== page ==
Housing market hopes to rebound after slow 2010

Tuesday, Nov. 16
November 16, 2010
Neighbors angered over blight
November 18, 2010
Tuesday, Nov. 16
November 16, 2010
Neighbors angered over blight
November 18, 2010

Bayou Board of Realtors 2010 President Synde Devillier had a gut feeling even in the early months of the year that 2010 would be a bit of a down year for the Tri-parish’s housing market.

“Things before the spill honestly weren’t exceptionally crazy-busy,” Devillier said. “They were just sort of steady, which we thought at the time was pretty good because, really and truly, the market had been slow for the past year.”

Then the BP oil spill happened and what was just “slightly below average,” became a virtual worst-case scenario.

But with 2010 nearing its climax, Devillier said she sees a small rainbow at the end of the current rainstorm and hopes the new year will show some signs of the normalcy the area had become accustomed to in the past decade.

“I think things are going to be better,” Devillier said. “I can’t think that they’d be much worse.”

The cost of building in the housing market throughout the area is not drastically different than it’s been in recent years, according to recent trends seen by Devillier.

“Prices are going to have dropped some. Dollar per square foot, we’re probably going to be getting the same as what we got last year at this time. So in other words, they are asking a little bit more, but the prices are relatively staying the same when the sale actually occurs.”

And even interest rates have stayed virtually level with just a slight increase in the past year at their current low marks.

The main source for the current downward swing, the Bayou Board of Realtors’ president said is uncertainty.

Uncertainty about jobs, uncertainty about Louisiana’s way of life ever being restored and uncertainty about whether things will ever truly be economically “normal,” again after the oil spill.

That, as a result, has far more people looking to sell than buy, which has caused a flooded market.

Devillier said strictly in the residential structures, her office has a 10-and-a-half month supply of homes on the market.

She added that number in ideal times would be a three-to-four month supply, and in most cases is at about six months in the Tri-parish area.

“If no more homes were added to the inventory and no more homes were sold, it’d take us about 10-and-a-half months right now to liquidate because we’re just not selling a whole lot right now.”

With less people buying, more people selling and roughly the same amount of people living in the community, Devillier said renting has become a popular option for people in our area in the past 12 months.

She said she expects that trend to continue into the future, thanks in large part to several large apartment complexes that have sprung up throughout the area.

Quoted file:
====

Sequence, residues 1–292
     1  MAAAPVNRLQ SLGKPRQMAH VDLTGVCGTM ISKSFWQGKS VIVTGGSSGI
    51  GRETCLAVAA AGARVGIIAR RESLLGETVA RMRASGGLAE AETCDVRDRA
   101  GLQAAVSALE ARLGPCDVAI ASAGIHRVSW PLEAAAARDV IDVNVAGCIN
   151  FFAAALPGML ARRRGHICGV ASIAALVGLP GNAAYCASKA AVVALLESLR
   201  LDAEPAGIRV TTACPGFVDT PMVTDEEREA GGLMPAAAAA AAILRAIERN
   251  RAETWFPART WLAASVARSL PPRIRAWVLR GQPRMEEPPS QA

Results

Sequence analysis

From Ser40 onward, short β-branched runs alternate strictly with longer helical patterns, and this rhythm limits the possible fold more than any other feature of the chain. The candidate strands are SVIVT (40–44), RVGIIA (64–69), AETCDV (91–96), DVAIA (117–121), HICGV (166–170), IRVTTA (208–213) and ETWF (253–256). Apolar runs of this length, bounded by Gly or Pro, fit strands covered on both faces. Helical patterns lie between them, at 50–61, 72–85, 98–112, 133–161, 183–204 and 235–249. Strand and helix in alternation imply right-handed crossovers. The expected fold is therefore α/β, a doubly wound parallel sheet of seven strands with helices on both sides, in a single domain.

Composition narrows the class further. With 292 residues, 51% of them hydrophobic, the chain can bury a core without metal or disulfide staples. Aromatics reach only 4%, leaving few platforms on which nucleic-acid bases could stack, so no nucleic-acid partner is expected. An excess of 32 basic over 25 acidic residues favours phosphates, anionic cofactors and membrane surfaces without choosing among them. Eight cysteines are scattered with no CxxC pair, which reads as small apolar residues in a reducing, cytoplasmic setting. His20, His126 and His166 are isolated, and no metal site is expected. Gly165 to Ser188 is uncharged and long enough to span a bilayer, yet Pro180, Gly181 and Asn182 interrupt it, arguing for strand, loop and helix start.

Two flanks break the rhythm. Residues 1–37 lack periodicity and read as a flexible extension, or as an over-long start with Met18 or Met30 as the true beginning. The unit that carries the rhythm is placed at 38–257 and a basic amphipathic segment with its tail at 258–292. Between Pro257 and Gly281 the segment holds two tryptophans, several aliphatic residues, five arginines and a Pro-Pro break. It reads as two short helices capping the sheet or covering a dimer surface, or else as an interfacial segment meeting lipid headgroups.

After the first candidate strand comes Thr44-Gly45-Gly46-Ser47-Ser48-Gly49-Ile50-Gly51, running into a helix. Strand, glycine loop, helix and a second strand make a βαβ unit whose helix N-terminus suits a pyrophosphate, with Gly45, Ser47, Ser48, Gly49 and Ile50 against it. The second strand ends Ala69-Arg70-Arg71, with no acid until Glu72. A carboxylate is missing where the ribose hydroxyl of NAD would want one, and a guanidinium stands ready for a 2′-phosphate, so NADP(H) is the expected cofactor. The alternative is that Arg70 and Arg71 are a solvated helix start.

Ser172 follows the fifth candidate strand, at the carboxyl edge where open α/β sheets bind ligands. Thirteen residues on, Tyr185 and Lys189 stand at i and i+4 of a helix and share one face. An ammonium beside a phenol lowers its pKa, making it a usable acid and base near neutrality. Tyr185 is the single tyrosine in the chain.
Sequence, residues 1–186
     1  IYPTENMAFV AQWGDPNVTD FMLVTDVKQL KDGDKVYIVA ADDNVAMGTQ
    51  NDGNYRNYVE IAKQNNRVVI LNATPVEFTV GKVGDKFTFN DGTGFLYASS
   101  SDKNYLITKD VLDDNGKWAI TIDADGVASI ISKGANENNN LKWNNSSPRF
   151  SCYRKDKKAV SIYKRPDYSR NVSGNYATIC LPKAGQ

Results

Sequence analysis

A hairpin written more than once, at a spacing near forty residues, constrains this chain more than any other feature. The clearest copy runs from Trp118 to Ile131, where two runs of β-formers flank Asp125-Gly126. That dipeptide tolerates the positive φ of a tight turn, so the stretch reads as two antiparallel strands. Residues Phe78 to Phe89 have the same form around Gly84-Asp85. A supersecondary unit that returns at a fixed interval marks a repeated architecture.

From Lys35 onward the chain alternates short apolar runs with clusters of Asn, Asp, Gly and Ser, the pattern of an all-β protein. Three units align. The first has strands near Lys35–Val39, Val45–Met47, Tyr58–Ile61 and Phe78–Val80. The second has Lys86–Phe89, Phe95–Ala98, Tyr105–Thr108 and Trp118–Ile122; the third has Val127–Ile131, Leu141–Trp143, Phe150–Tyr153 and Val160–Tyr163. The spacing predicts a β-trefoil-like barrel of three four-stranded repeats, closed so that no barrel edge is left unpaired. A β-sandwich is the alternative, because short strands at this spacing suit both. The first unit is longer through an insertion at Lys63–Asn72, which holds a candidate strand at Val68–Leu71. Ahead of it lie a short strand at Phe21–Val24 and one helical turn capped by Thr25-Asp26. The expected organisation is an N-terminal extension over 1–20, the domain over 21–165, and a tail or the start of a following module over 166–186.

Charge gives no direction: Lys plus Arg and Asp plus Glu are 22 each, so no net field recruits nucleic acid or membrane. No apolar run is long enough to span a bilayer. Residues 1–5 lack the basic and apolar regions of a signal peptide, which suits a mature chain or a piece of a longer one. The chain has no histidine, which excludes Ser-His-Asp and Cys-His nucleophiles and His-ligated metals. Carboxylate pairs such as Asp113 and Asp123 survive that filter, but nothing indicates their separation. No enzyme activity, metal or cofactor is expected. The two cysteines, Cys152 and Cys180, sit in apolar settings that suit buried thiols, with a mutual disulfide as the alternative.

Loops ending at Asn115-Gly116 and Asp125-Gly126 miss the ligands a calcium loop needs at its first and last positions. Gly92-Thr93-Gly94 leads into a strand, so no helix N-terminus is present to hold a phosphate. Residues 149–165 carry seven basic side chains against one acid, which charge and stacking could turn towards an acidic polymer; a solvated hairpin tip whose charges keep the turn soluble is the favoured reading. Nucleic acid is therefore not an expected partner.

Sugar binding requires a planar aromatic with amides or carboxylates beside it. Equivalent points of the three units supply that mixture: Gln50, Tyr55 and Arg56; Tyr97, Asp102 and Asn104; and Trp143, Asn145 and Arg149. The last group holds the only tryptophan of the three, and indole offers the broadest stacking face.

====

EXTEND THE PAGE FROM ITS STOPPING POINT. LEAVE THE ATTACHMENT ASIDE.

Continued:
But even that option has become more expensive lately due to a spike of property taxes and insurance in the area.

“Landlords, property owners and investors are having to pay more so, they’ve increased their rents,” Devillier said. “So rent is higher, but we do have a nice supply now that we have all of these nice new apartments all throughout the area. So that’s been really good, because with more supply, that’s kept the prices a little lower. But the single family residentials, those prices have had to go up a little bit to compensate for those extra costs.”

Help is on the way for some realtors in the housing market, however. BP recently gave Louisiana Realtors $5.8 million to disperse among brokerage agencies and individual realtors who have seen their business be affected by 30 percent or more in lieu of the oil spill.

Deadline to apply for portions of that money is Nov. 23, and Devillier said some Tri-parish agents have already received funding to help them compensate for their lost income.

“Basically after the spill, the phones stopped ringing,” she said. “So we are allowed to file for loss of income. … We have had several members who have applied and have seen their money, so that’s a good thing.”

That ray of hope, along with people becoming more optimistic about spending their money are the things Devillier and others are clinging to in hopes the housing market will be better in the new year after a disaster-laden 2010 year.

“With the moratorium being lifted and the elections over with what I’m going to call, ‘a balancing of politics,’ I think people are kind of not holding onto their money so tight,” Devillier said. “We might see people starting to purchase more homes. The rates have inched up just a little bit, but they are still extremely low. That might get people off their nest, because they might say, ‘Oh, I better buy fast before the rates go up.’ The moratorium hasn’t spurred a lot of new business yet, but it’s called peace of mind and that’s a big part of it when you’re talking about buying a house.

“I just think people might feel a little bit better about buying a house now,” she added. “I think it will get better. … It can only get better.”